So it occurred to me how odd it is to take something like going to the beach or swimming in a pool for granted, often ignoring the risk of harm. But isn't this exactly what the world does? Doesn't the world teach that surely similar tragedies won't happen to you?  Doesn't the evil one tell us that we simply need to place our faith in ourselves and all will be well, that there is no need for forgiveness for our sins? Doesn't Satan tell us that all we need to do to be right with God is trust our good works and everything will be ok? There needs to be an awakening here, and a lesson understood! An understanding of faith and whom your faith must be in is truly needed! The biblical approach to life's tragedies and in whom your faith is to be placed, is correctly found in Psalms 112: 6-8 "For the righteous will never be moved; he will be remembered forever. He is not afraid of bad news; his heart is firm, trusting in the LORD. His heart is steady; he will not be afraid, until he looks in triumph on his adversaries." God made us, He made this world, He is sovereign over it and he says, "Trust Me." 

John 17: 15-16 states "I do not ask that you take them out of the world, but that you keep them from the evil one. They are not of the world, just as I am not of the world". This world is a wonderful place but it is also a dying and broken place due to sin.  We cannot trust our own abilities, skills or good works to atone for our sins that we are guilty of.  We need a Saviour, a "Lifeguard", for if we are outside of Christ, we are actually drowning and don’t know it.  The moment we begin to trust ourselves and not the God who made us and the world we live in, we will inevitably drown.  We need to, we must, put our faith in the one who made us and made the world around us. We MUST put our faith in the One who knows how fragile we are, how very short sighted we are and how dead in our sins we are!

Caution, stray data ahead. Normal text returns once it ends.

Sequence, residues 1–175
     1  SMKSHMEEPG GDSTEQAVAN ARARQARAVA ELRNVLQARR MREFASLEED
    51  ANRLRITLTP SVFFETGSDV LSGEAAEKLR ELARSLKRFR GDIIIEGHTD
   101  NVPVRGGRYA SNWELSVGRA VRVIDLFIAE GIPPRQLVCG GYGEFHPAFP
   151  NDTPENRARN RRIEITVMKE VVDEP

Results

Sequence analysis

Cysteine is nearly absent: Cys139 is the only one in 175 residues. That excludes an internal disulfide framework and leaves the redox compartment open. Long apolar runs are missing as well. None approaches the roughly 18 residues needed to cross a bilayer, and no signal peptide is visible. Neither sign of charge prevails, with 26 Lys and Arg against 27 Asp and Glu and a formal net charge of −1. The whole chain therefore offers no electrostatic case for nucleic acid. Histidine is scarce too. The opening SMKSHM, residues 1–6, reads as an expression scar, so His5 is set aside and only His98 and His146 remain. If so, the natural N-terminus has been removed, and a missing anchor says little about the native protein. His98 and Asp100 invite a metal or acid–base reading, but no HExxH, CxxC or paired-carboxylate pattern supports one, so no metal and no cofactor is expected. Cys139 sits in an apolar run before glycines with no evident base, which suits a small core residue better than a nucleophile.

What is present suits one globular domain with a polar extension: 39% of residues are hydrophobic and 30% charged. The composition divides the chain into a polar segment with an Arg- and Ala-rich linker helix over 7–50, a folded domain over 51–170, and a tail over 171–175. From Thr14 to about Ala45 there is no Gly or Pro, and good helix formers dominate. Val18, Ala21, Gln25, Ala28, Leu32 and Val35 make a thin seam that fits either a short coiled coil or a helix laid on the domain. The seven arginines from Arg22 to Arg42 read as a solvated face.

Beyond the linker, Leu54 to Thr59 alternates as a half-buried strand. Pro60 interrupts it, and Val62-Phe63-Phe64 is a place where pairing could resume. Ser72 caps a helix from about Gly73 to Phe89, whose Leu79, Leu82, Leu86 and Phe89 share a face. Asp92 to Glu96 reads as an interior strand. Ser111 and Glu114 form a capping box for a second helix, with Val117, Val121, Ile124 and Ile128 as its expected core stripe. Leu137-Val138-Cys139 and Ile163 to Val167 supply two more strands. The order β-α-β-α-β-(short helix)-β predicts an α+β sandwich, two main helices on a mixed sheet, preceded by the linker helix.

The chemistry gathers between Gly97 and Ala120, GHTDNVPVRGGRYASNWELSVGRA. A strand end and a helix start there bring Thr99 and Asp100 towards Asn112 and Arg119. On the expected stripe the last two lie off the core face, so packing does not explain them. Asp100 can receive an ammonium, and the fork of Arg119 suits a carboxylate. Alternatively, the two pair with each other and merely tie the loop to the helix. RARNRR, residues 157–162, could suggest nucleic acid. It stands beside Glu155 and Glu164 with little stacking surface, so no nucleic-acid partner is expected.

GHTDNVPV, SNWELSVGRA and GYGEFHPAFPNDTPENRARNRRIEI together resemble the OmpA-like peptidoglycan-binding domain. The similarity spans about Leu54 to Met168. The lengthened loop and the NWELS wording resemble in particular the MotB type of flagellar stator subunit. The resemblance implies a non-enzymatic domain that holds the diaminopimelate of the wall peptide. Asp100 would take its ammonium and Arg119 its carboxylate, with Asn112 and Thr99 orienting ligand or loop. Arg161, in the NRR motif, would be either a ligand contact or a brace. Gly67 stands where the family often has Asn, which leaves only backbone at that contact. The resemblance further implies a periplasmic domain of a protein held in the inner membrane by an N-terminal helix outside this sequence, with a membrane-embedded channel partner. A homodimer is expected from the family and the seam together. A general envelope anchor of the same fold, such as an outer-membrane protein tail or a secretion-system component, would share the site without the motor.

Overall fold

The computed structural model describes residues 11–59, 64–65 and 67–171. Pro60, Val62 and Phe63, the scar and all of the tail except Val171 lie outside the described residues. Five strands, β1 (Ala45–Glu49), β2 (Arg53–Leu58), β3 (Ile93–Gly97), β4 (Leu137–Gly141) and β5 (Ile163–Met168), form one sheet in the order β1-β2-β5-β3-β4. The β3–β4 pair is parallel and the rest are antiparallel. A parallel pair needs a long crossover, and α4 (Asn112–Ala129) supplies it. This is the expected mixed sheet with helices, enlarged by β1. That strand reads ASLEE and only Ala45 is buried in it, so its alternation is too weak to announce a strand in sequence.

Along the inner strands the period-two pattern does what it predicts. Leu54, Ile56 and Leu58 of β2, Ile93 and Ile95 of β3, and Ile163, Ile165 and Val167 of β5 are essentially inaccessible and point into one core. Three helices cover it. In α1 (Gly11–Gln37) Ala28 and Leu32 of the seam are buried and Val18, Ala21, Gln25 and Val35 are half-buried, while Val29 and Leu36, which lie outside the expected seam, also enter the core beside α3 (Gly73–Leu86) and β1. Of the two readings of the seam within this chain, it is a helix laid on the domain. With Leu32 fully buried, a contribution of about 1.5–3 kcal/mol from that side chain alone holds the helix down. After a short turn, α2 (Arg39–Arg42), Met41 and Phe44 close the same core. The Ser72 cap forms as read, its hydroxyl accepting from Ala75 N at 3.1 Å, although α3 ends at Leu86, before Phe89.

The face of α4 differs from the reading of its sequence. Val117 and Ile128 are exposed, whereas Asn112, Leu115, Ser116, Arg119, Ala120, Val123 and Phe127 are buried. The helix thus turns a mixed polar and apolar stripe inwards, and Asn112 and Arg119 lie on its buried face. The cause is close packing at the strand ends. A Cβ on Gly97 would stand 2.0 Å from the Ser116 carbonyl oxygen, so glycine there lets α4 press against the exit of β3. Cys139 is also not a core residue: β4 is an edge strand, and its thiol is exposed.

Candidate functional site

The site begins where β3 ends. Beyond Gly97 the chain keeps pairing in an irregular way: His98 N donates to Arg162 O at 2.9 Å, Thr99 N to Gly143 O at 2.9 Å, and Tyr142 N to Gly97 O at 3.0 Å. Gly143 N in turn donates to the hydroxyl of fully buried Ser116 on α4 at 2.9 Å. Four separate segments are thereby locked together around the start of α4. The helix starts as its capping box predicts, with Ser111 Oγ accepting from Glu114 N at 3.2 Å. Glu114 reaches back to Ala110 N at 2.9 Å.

It tells us in Exodus that when the Lord was leading the Israelites out of Egypt He performed a miracle in front of their very eyes. The Egyptian Army who was attempting to re-capture them and to lead them back into lives of captivity was chasing them. There were confronted by a body of water that they could not cross on their own. The Lord took the body of water they were to cross and he divided it, giving them a dry path to walk across. To God's people the water was something that He used to demonstrate his power, promise, provision, care, love and protection. To the army of Egypt, water became something else; I'd suggest a tool to bring about God's judgement. God always provides, always answers prayer, however we must trust Him in how He provides and answers prayer. Our faith must, I repeat, must be in our Lord and what He says!


So let us be a people who walk wisely each and every day. Let us grasp the beauty of God's creation; rivers and majestic waterfalls, rain and snow, hot showers and hot baths and the still waters that He makes us lie down beside. Let us remember that God is also all-powerful and the maker of the oceans and roaring waterfalls that, if we are not careful, can end our days here in swift order. Let us remember that God hates our sin, and does not ignore it nor look away from it. He is a completely just Judge, and in order to satisfy His justice, provided the way of atonement and forgiveness by giving his only son to die on a horrible wooden cross, thus becoming the sacrifice for and bearer of our sins. Let us be a people that trusts in His word and promises, and that do not tremble at the thought of obstacles like sickness or death, pain, or poverty, or even sin. Let us be a people of faith, faith in God! Romans 8: 31, 37-39 reminds us:  "What then shall we say to these things? If God is for us, who can be against us? No, in all these things we are more than conquerors through him who loved us. For I am sure that neither death nor life, nor angels nor rulers, nor things present nor things to come, nor powers, nor height nor depth, nor anything else in all creation, will be able to separate us from the love of God in Christ Jesus our Lord".